Author Topic: Virtual PC with Linux  (Read 12968 times)

Offline teroyk

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Re: Virtual PC with Linux
« Reply #20 on: May 29, 2022, 02:10:24 PM »
What about Fedora 15? If it has kernel 2.6, it should be a bit easier, right? I located it in the official old archives here:
https://archives.fedoraproject.org/pub/archive/fedora/linux/releases/15/Fedora/i386/

VPC6 support DVD, but not in boot. So have to be CD-images. Fedora 14 has:
https://archives.fedoraproject.org/pub/archive/fedora/linux/releases/14/Fedora/i386/iso/
But I think I test Fedora 2 next, because it might be more light weight and it is with kernel 2.6, too:
https://archives.fedoraproject.org/pub/archive/fedora/linux/core/2/i386/iso/

Offline Jubadub

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Re: Virtual PC with Linux
« Reply #21 on: May 30, 2022, 02:13:07 PM »
By the way, it seems we might have another incentive to use Linux 2.6 instead of 2.4:

http://bulk.fefe.de/scalability/

It seems like 2.6 is a massive upgrade over 2.4, and overall a very incredible system kernel. This is good to know, as we can alleviate as much load from Virtual PC (and other virtual machines) as we can by keeping this in mind.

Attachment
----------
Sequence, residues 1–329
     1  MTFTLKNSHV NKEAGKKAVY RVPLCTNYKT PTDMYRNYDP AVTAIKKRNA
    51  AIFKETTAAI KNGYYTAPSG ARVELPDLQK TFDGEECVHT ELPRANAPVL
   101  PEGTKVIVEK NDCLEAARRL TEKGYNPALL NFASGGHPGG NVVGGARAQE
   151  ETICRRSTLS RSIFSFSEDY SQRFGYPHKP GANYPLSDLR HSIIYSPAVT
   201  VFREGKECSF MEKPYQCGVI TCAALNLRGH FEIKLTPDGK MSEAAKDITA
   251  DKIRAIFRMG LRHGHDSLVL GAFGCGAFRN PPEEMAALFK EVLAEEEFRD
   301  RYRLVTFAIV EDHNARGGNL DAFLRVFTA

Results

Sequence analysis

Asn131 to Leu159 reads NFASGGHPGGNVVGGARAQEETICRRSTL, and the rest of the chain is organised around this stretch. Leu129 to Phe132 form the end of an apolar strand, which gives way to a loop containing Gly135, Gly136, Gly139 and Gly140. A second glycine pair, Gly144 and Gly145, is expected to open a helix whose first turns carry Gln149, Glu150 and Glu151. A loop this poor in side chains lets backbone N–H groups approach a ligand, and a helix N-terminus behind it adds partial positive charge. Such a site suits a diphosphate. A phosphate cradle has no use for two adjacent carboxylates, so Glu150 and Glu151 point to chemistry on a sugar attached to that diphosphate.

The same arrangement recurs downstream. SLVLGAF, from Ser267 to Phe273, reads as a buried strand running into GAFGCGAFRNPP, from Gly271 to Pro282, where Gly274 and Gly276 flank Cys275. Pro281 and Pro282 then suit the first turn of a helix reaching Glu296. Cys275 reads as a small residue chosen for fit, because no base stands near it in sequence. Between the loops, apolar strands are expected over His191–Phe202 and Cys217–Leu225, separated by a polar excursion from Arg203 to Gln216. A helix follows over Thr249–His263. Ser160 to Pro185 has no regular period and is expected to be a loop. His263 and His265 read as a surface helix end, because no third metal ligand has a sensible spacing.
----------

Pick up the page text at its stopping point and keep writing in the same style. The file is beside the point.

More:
Someone also said that all subsequent kernel updates were heavily based on 2.6, which might be very useful for us, in terms of potential compatibility and behavior/features:

https://stackoverflow.com/questions/41713556/what-is-difference-between-linux-kernel-versions

The exact quote:

Quote
In the past, 2.0.x 2.2.x and 2.4.x (even-numbered minor part) were the stable series, and 2.1.x, 2.3.x, and 2.5.x were the development series where major changes took place. When development on 2.1 finished, it became 2.2, 2.3 became 2.4, and 2.5 became 2.6. When 2.6 was released, it was decided not to create a new series, but to continue developing on the 2.6 series. At some point, it was decided to create stable branches off each of the 2.6.x releases, leading to 2.6.x.y releases. Some of those became longterm releases. 3.x and 4.x are a direct continuation of the 2.6 series.

So in many ways 2.6 is the father of all modern-day Linux.

Offline teroyk

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Re: Virtual PC with Linux
« Reply #22 on: May 31, 2022, 12:45:19 PM »
By the way, it seems we might have another incentive to use Linux 2.6 instead of 2.4:

I have now tested some Linuxes with kernel 2.6:
Fedora 2, text installer works, but I think it detect VPC 6 "CPU" wrong to P3 with SSE and install wrong kernel.

Fedora 14, Installer get kernel panic. I think kernel of installer needs SSE.

Debian 5, I think it detects VPC 6 "CPU" to P3 with SSE, some real PC owners with 586-processor have same problem. Debian 5.0.10 itself support even 486.

Debian 4.0R8 (debian-40r8-i386-xfce-CD-1.iso), works, but I don't find another installation isos and it needs more installation CDs (because have to install RPM or Alien), before I can try to install additions. btw here is sums of all isos of that version: https://get.debian.org/images/archive/4.0_r8/i386/iso-cd/MD5SUMS

EDIT: I noticed that there is also Debian 4.0R9 and those sums: https://get.debian.org/images/archive/4.0_r9/i386/iso-cd/MD5SUMS ,but no ISOs.
« Last Edit: May 31, 2022, 01:38:11 PM by teroyk »